October 27, 2020

Eloisa James

A wintry and Wilde new romance
We talked to Eloisa James about the joys of fashion research, why she would like to go to a Frost Fair and how she made the very tricky trope of instalove work.
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As the various Wildes have found and fallen in love in Eloisa James’ Wildes of Lindow Castle series, their ducal father, Hugo, and his duchess, Ophelia, have been following merrily along, offering advice, commentary and quips along the way. After five delightful romances starring their children and stepchildren, fans were delighted to discover that My Last Duchess would be traveling back in time to tell the story of how Hugo and Ophelia met.

We talked to James about the joys of fashion research, why she would like to go to a Frost Fair and how she made the very tricky trope of instalove work.


Did you always know that you would eventually write Hugo and Ophelia’s love story? And if not, when did the idea come to you?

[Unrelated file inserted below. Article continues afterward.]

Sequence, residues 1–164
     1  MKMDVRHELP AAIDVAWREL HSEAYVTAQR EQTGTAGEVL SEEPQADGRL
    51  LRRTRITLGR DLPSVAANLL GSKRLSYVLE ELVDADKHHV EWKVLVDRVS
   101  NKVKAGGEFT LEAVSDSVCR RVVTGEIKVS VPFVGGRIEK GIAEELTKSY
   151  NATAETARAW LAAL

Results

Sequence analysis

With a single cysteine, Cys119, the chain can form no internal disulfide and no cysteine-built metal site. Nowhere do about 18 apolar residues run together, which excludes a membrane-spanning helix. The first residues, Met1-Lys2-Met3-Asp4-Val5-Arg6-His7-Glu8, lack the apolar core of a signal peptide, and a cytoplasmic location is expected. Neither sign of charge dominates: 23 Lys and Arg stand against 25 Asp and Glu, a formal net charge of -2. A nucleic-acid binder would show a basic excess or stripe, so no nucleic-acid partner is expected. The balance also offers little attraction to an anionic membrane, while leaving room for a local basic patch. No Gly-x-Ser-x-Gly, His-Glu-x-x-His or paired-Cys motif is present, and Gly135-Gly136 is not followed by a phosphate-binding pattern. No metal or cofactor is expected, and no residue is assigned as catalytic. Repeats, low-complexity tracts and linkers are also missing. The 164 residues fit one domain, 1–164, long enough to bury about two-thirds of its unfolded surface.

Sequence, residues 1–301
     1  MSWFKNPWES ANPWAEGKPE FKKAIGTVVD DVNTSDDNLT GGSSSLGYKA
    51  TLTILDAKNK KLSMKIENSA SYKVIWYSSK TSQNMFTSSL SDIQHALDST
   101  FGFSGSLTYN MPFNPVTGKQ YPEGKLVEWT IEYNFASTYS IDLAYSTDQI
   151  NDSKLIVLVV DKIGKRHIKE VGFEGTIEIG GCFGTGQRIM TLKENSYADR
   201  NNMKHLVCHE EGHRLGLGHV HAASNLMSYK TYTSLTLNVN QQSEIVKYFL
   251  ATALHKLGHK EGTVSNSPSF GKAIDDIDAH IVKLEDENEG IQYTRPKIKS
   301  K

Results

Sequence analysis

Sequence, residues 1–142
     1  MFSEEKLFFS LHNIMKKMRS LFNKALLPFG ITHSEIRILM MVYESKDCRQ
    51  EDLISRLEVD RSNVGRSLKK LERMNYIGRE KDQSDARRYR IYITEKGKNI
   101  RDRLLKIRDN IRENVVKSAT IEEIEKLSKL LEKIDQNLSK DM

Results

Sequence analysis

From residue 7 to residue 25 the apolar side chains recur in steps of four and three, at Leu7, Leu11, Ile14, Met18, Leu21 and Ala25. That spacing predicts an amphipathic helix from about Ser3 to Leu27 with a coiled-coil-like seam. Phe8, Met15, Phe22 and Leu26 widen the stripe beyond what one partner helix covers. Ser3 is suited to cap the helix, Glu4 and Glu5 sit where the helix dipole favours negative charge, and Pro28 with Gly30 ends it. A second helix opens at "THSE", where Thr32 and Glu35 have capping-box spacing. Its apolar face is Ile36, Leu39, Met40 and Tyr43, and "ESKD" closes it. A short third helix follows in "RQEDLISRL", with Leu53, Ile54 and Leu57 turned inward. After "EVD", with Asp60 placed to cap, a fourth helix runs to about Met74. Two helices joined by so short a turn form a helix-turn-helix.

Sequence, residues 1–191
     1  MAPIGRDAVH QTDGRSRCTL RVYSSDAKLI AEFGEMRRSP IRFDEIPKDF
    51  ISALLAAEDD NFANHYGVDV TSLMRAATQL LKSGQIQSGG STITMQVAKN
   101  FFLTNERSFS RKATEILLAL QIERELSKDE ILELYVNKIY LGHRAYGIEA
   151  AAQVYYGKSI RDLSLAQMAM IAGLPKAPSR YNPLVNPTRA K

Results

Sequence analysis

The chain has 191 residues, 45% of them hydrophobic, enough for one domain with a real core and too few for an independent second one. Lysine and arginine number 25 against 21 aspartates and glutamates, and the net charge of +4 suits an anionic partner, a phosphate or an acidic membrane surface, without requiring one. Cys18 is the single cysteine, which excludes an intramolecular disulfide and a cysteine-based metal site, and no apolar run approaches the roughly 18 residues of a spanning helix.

The idea came to me as the Wilde books were being written; Hugo and Ophelia turned out to be such a lively couple that I wanted to tell their story, not just their children’s.

The other books in the Wildes of Lindow Castle series are set in the later decades of the 18th century. What did you enjoy about going back to the 1760s? Were there any differences you wanted to highlight between this period and the setting of the other Wilde books?
It’s always fun to settle into a new decade. One of my delights is fashion research. For example, Ophelia wears a sack-back hand-painted dress that actually exists. But I couldn’t just drop in a description of the dress; it had to have meaning. So, when Hugo realizes how expensive her dress is, he knows that she has no financial problems, and it takes the edge off his instinctive protective alpha reaction. A fun tidbit: Wilde Child comes out in the spring and takes place over a decade later. My Wilde heroine (Joan) wears a refurbished version of her stepmother’s dress! Many gowns at the time—especially exuberantly expensive ones like this one—were resewn into new fashion. And it’s a nod to Ophelia’s prudent nature, as shown by her rabbit muffs.